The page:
At the time of the Dimon decision, section 137 of the Civil Code provided in part that when “a father wilfully fails to provide for his children, the mother of the children may, without applying for a divorce or maintenance for herself, maintain in the superior court an action against him solely for the support and maintenance of the children.” The Legislature enacted this section in 1941 (Stats. 1941, ch. 1038), and [68 Cal.2d 296] later amended it in 1951, adding present section 137.1. (Stats. 1951, ch. 1700, ?? 1, 2.) The controlling statute in Dimon was not, therefore, section 138, which provides for child support in divorce proceedings brought in California courts, but section 137, which provides for actions for child support independent of divorce or separate maintenance actions. (See concurring and dissenting opinion of Traynor, J., in Dimon v. Dimon, supra, 40 Cal.2d at p. 529.)

As Justice (now Chief Justice) Traynor explained in Dimon (concurring and dissenting opinion, id at pp. 529-531), “The first case to set forth the problem of reimbursement for past expenditures is Wilson v. Wilson (1873) 45 Cal. 399. The divorce decree had not provided for the support of the child. Two years after the decree the former wife sought an order for reimbursement of expenditures already incurred. This court affirmed an order of the trial court in favor of the wife, relying on the applicable statute which provided that the court might ‘during the pendency of the action, or at the final hearing, or afterwards, make such order for the support of the wife, and maintenance and education of the children of the marriage as may be just.’ (Stats. 1851, p. 187; Divorce Act., ? 7.) The court pointed out that it might be ‘for the interest and welfare of the child, that his past as well as future support should be paid for by the defendant.’ (45 Cal. at p. 403.) In 1872, the statute was superseded by section 138 of the Civil Code, … The Wilson case was not overruled [in McKay], but distinguished on the ground that it was decided ‘prior to the adoption of the codes, and under a statute which expressly authorized the court to make an order subsequent to the judgment for the maintenance of the children of the marriage.’ (125 Cal. at p. 69.) In 1905 section 138 was amended to provide that the trial court might ‘during the pendency of the action, or at the final hearing, or at any time thereafter during the minority of any of the children of the marriage, make such order for the custody, care, education, maintenance and support of such minor children as may seem necessary or proper.’ In Jaeger v. Jaeger (1925) 73 Cal.App. 128 [238 P. 139], it was determined that the amendment was substantially the same as the 1851 statute that ‘had been judicially interpreted by the court in Wilson v. Wilson, supra. …

“The present action is based upon section 137, which provided at the time the complaint herein was filed that the wife may file an action ‘solely for the support and maintenance of [68 Cal.2d 297] the children.’ This language, the basis of the Wilson and Jaeger decisions, omitted the wording relied on in the McKay case. The conclusion is inescapable that an action for reimbursement for past expenditures for support and maintenance of children may be maintained under section 137.”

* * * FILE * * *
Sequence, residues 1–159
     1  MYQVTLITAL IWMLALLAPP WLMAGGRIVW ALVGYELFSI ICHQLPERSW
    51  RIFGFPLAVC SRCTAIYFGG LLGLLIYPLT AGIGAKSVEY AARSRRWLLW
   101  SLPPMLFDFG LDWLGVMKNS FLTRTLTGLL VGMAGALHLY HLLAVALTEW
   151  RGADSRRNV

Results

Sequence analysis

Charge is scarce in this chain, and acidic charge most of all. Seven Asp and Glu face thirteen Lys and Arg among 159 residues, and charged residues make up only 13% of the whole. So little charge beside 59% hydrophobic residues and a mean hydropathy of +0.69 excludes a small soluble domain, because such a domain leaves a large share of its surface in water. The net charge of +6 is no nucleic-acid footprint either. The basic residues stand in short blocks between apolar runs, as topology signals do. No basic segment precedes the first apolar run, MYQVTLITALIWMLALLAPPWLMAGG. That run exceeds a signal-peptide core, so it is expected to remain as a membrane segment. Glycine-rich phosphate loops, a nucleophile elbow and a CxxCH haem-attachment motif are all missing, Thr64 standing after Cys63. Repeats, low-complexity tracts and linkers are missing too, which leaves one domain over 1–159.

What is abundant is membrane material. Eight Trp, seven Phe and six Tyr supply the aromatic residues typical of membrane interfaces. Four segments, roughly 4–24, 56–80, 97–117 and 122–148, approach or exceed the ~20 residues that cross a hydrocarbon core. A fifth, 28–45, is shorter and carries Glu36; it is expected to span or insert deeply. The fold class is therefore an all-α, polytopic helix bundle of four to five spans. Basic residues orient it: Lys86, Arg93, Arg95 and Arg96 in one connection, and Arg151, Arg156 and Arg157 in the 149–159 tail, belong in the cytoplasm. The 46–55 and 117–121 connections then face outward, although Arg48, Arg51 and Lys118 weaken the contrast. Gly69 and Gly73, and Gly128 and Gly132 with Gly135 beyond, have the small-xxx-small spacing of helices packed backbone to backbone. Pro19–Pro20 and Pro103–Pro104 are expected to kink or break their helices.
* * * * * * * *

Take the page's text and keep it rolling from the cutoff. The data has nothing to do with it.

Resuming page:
Section 137.1, which replaced the above provision of section 137 in 1951, similarly omits the wording as to “direction” relied on in McKay. The same conclusion which Traynor, C. J., found “inescapable” as to the controlling statute in Dimon equally applies to its successor, section 137.1 (See Kresteller v. Superior Court (1967) 248 Cal.App.2d 545, 548 [56 Cal.Rptr. 771].)

Second, Dimon adopted the McKay rationale that the mother of a minor child cannot obtain reimbursement from the father for the amounts which he was legally obligated to pay for the child’s support because the mother had already personally and voluntarily expended those amounts. This reasoning cannot sensibly apply to a case, like the present one, in which the mother cannot obtain personal jurisdiction over the father to enforce his obligation. The fact that the mother actually provides for her child’s support, as indeed she is practicably, legally, and morally compelled to do, should not relieve the father from his primary legal obligation. His evasion of legal action for the enforcement of his duty should grant him no immunity. The wilfully defaulting father is still criminally liable under Penal Code section 270. “It would indeed be the height of inconsistency to hold that a father has the duty to support his minor child under the penalty of criminal responsibility but that he does not owe that duty to the child because he has no civil liability for its support. It appears clear to us moreover, that such civil liability is implicit in the language of section 137.1, and that when the duty to support exists it may, in a proper case, be enforced in an independent action.” (Kresteller v. Superior Court, supra, 248 Cal.App.2d at p. 548.)